Kalau ditanya kenapa, alasannya banyak: kerjaan yang menggunung, baju kotor yang menunggu dicuci, bahan makanan yang menanti dimasak. Kalau saya diberi waktu untuk menjelaskan kenapa saya nggak mood nulis, saya rasa saya bisa menghabiskan setengah jam sendiri untuk mencoba menjelaskannya.
Tapi, terlepas dari jawaban yang keluar dari mulut saya, alasan yang sebenarnya ternyata jauh lebih sederhana dari yang orang-orang pikirkan: saya malas.
Malas apa? Ya malas menulis. Malas memikirkan premis cerita baru. Malas menjalani proses riset yang bukan main panjangnya. Malas merunutkan ide dan adegan cerita. Malas menghabiskan cuti untuk menulis draf satu naskah. Malas melakukan swasunting. Malas mengirimkan naskah ke penerbit. Malas menunggu catatan revisi dari editor. Malas menentukan judul, menulis blurbbuku, dan malas berdiskusi panjang untuk menentukan konsep desain sampul buku.
I don’t know why, but I just have this very strange attraction towards somebody else’s wishlist. Not to be confused with being covetous or anything, but there’s just something so inspiring and weirdly… whimsical about seeing what sparks creativity and productivity in someone else—even more so if the person is a creative.
You know, like how you couldn’t resist but to wonder what kind of fountain pen did Tolkien use to pen Lord of the Rings? Or how you wonder what kind of cooking utensils do Martha Stewart use in her own personal, home kitchen?
Knowing what other people use in their own creative endeavors, for me, brings tremendous joy and relief—joy because now I know more stuff I could use to make my own life easier; relief because at least I’m not the only person who hoard stuff, and think that the right pen and paper makes for the best writing experience—the same way the right keyboard makes all the difference when it comes to typing my next novel-length project.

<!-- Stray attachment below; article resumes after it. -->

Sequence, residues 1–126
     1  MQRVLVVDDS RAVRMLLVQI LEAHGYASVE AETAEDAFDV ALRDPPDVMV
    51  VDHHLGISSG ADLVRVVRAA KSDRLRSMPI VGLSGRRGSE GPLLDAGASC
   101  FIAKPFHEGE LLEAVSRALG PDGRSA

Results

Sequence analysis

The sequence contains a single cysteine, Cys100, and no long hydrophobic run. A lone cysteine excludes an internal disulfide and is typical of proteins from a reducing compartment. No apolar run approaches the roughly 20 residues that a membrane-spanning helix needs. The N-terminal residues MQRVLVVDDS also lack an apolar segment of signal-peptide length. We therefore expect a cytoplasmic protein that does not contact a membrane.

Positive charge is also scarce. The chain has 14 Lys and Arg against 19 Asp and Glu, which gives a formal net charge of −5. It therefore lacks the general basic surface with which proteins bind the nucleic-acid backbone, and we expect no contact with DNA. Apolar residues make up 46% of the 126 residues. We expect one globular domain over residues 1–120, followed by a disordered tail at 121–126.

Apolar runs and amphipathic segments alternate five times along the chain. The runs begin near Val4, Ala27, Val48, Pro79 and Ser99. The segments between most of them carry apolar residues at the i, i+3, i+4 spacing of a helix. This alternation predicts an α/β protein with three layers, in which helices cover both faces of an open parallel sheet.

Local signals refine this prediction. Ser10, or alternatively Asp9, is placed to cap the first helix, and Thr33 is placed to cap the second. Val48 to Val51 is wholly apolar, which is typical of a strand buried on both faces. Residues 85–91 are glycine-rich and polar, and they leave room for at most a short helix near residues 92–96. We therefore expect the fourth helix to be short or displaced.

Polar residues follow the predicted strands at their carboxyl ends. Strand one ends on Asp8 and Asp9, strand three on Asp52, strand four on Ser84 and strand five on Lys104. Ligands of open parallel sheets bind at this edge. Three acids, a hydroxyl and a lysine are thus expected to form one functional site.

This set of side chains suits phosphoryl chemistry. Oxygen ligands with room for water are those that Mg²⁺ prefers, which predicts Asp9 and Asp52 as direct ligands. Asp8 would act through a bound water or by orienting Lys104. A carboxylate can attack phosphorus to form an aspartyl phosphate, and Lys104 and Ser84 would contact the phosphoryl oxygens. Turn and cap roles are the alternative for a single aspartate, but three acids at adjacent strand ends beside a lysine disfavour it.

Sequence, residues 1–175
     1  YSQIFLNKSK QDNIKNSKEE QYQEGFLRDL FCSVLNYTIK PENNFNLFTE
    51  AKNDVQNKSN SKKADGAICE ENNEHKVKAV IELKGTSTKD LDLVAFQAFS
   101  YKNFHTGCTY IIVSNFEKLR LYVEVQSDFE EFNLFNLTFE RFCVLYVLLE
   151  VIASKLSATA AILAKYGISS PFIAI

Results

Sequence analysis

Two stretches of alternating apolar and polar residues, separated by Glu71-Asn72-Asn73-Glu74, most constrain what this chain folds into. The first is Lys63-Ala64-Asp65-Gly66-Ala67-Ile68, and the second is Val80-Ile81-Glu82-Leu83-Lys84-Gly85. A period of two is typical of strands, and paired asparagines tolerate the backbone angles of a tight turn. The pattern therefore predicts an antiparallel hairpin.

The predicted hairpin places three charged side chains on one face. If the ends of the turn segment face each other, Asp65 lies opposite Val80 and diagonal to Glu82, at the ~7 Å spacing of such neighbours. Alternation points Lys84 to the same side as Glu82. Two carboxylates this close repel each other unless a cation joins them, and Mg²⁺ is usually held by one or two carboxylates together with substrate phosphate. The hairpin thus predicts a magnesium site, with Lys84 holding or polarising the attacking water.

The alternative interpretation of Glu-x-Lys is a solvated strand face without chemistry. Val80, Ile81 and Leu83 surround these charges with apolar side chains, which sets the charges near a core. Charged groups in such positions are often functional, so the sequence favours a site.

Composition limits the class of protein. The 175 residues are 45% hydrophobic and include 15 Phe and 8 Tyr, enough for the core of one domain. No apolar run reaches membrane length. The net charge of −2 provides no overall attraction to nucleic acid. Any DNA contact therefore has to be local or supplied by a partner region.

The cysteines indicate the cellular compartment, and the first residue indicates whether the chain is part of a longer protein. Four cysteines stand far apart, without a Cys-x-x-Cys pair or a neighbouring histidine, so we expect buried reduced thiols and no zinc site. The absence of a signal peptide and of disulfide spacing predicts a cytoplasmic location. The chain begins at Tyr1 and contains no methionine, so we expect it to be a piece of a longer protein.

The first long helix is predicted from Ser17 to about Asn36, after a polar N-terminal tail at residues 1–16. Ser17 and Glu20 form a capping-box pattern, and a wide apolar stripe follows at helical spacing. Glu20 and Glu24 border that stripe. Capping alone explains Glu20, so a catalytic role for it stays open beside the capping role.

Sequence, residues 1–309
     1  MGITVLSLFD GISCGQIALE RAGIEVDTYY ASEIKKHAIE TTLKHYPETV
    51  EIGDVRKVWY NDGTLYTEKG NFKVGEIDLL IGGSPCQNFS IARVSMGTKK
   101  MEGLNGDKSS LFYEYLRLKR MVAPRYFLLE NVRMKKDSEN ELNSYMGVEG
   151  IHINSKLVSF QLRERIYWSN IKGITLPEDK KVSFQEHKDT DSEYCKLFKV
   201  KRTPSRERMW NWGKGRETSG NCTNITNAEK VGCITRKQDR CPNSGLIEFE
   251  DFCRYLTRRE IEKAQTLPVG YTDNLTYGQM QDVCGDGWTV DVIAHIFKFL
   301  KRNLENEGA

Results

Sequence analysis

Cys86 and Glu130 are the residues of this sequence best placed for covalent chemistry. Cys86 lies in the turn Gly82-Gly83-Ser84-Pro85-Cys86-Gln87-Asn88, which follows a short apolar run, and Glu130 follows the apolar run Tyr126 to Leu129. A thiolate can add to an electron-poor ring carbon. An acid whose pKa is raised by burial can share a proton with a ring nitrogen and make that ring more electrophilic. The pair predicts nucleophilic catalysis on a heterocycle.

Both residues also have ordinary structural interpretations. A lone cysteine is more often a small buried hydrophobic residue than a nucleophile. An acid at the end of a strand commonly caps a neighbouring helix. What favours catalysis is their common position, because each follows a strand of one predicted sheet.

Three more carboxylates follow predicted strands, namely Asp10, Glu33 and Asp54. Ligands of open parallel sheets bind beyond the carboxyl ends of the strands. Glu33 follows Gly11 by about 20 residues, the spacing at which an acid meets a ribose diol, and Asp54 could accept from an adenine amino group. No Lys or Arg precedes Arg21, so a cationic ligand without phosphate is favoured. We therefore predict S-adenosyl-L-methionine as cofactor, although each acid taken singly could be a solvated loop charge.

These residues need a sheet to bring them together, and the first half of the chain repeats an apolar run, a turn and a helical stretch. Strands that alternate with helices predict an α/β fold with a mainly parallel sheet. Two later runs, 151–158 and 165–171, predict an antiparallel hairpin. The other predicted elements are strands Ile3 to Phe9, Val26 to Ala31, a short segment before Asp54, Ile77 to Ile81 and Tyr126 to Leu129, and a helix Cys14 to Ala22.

To be honest, I haven’t done a lot of shoppings this past month, because of the widespread virus and all that jazz. But that doesn’t stop me from having a few personal favourites from my own stash–some of them I bought during my trip to Japan, while some others I just have lying around my room.
By the way, this is also the first time I’m doing this kind of post, so I’m not 100% sure if anyone would be interested in reading them. I do, however, really enjoy reading (or watching!) other people’s favourite items, what’s in their bags, what’s their writing setups, etc., so I digress.
I’m going to be brutally honest; I never had any intentions of publishing “Polaris Musim Dingin”. It’s true, you can ask my editor about it. It took months for me to let the very idea of publication simmer in my head before I finally relented, and let the book meet its readers.
If you’ve been following me on Instagram lately, you’ll know that I’m currently planning for my next novel project.
It’s a long time coming project, since the last time I published a novel was at the end of 2017—I couldn’t even remember how many times readers and my editor had asked me if I was working on my next book.
Writing a novel is always hard. It doesn’t matter if I’ve done it in a short amount of time; I still shudder in fear whenever I think of the days I’ll spend getting stuck on a nasty writer’s block, trying my best to finish just one last scene before grabbing dinner to-go.